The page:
Pennsylvania Democrat John Fetterman challenged the House to pass a spending bill by promising he would sue if they prevented a government shutdown.
Fetterman’s casual attire came into question after Senate Majority Leader Chuck Schumer abolished the business attire requirement on the Senate floor, which meant a suit and tie for men.
The freshman senator went on a raw offense against X after Republicans criticized his attire. “I think if I vape and get the pig during a live musical, they’ll make me a folk hero,” Fetterman wrote Tuesday, referencing the recent Beetlejuice controversy involving Rep. Lauren Boebert, R-Colo.
Pennsylvania Democrat John Fetterman challenged the House to pass a spending bill by promising he would sue if they prevented a government shutdown
“If those crooks in the House of Representatives stop trying to take down our government and fully support Ukraine, I will save democracy by wearing a suit on the Senate floor next week,” said the senator, whose signature Carhartt robe has been the subject of many discussions. examined this week, wrote on X
Republican Party negotiators in the House of Representatives on the Short-Term Resolution Continuation Act declared it “dead in the water” on Wednesday as they scheduled an emergency conference-wide meeting for that afternoon.
“I honestly don’t know what to say to my fellow Republicans other than you’re going to eat a sandwich and you probably deserve it,” said Rep. Chip Roy, R-Texas, told reporters of the holdouts refusing to come to the table on a deal.
House Republicans couldn’t even advance a highly popular defense spending bill Tuesday — with opposition from five conservatives who thwarted efforts to pass just one of 12 appropriations bills.
So far, only one bill — for military construction and veterans affairs — has passed the House of Representatives, with 10 days to go before the end of the fiscal year. The Senate has not passed any.
It is unclear whether they will proceed as planned with a vote on a short-term continuing resolution (CR), which is likely to receive even less support than the defense appropriations bill.
Speaker Kevin McCarthy declined to say whether he would bring the bill to the floor on Thursday as originally planned. “We’re not going to give up, we’re never going to stop,” he said vaguely.
The CR would drop the September 30 deadline, which would lead to a government shutdown, until October 30.
Republican Party negotiators in the House of Representatives worked Tuesday evening and Wednesday morning to tweak an agreement between the right-wing Freedom Caucus and the pragmatic Main Street Caucus to shore up support after more than a dozen Republicans, mostly from the Freedom Caucus (HFC ), said they would oppose it. .
The deal would have kept funding for Defense and the Department of Homeland Security (DHS) at 2023 levels and led to an eight percent cut to all other agencies.
In addition to E-Verify, it would also implement the provisions of the Republicans’ border bill, HR 2. The bill leaves out funding for Ukraine and disaster relief.
An amendment from the Republican Study Committee (RSC) would make the CR deal even more conservative — cutting discretionary spending by $130 billion to $1.47 trillion — a top line that some conservatives have demanded after House debates about it debts of the Republicans had been agreed upon. cap legislation – the Limit, Save, Grow Act.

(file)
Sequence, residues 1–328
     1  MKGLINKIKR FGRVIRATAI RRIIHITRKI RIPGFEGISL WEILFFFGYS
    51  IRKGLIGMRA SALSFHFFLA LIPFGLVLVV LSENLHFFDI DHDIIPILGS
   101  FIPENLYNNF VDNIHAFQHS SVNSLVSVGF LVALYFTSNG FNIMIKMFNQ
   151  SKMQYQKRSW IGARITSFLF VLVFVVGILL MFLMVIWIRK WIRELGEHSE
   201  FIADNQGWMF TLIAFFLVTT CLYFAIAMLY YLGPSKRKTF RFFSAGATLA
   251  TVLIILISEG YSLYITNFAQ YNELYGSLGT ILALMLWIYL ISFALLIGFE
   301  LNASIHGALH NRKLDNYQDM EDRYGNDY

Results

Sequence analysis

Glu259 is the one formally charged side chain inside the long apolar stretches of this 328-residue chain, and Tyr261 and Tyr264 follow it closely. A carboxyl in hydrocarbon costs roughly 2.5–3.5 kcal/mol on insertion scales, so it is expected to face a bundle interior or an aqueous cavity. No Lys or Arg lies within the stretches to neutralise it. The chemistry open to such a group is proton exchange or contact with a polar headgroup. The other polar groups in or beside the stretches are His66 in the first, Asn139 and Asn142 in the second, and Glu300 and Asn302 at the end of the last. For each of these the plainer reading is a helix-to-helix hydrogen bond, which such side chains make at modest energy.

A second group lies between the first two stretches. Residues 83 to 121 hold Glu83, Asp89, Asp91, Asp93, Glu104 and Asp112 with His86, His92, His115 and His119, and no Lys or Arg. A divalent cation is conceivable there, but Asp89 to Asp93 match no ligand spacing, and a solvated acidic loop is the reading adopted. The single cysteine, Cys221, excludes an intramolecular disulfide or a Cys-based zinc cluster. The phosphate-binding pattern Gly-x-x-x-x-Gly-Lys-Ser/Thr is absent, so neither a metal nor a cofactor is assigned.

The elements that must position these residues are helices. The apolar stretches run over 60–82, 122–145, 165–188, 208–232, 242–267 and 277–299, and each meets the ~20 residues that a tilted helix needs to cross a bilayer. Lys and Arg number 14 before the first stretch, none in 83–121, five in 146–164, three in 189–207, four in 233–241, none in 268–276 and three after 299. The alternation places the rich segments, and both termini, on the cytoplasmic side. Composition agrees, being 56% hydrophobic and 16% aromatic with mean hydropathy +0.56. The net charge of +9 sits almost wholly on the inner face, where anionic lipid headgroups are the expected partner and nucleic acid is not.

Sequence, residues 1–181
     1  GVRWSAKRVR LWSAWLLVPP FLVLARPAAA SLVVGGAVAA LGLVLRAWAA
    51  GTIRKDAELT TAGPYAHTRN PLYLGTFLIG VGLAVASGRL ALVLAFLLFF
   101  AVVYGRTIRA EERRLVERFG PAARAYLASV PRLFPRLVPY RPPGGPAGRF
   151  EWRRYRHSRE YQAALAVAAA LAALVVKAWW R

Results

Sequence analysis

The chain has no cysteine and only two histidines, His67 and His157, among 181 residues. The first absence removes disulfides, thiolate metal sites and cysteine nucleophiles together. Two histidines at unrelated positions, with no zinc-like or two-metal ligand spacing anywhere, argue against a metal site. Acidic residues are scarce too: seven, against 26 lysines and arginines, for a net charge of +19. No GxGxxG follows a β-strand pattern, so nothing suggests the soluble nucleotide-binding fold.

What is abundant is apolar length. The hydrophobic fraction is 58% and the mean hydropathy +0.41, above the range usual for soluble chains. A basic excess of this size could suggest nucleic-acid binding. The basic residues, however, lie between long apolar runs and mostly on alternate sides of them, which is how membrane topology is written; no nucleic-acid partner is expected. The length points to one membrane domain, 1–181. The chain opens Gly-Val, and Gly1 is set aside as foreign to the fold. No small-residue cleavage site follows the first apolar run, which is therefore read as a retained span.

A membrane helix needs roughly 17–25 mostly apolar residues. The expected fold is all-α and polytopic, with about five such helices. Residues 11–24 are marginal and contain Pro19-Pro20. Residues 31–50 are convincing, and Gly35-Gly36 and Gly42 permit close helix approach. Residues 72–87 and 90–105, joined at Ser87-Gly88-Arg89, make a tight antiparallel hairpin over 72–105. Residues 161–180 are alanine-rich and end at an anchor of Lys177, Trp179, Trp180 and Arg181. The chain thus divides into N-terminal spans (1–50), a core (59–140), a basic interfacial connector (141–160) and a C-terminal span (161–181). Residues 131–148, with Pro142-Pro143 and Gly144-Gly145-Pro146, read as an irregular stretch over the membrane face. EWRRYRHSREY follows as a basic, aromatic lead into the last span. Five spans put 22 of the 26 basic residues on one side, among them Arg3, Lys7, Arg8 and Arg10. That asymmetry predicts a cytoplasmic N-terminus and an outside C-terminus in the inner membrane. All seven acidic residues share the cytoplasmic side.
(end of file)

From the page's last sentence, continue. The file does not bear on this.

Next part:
Roy, who helped draft the CR bill, predicted that the RSC amendment would not change the tide of the deal as he pushed back against Republican Party leadership for not releasing the details of the spending battle sooner. had brought.
“Leadership should have asked the questions we have now in July. We should have done this. “We shouldn’t have been broken for six weeks,” he said. “But here we are.”
All this is for a bill that would not pass the Senate, but would give the House a starting point to work on a deal to keep the government open while lawmakers sort out their differences over twelve separate appropriations bills .
Funding for Ukraine is an even bigger question – McCarthy emphasized again on Wednesday that such funding will not be part of an emergency bill to keep the government running.
Meanwhile, moderate groups on the right and left have begun coming together to find a way to open up the government, bringing Republicans and Democrats together for a majority vote in the House of Representatives.
McCarthy would risk sparking a campaign to oust his speakership if he makes a deal with Democrats on the spending legislation. But Democrats have begun to secure votes from moderate Republicans on their own continuing resolution that they would force to the floor through a discharge petition.
Even Rep. Darrell Issa, R-Calif., said Wednesday he would vote with Democrats on a “clean” continuing resolution, which would extend funding at the 2023 level set under the previous Democratic House and Senate, to ensure a prevent shutdown.
If all Democrats and five Republicans sign a discharge petition, they can bypass leadership and force a CR on the floor.
“Everyone should know that there are more than enough votes in Congress to prevent a shutdown and pass a clean CR, including disaster relief and additional funding for Ukraine,” Rep. Adam Smith, D-Wash., wrote on X.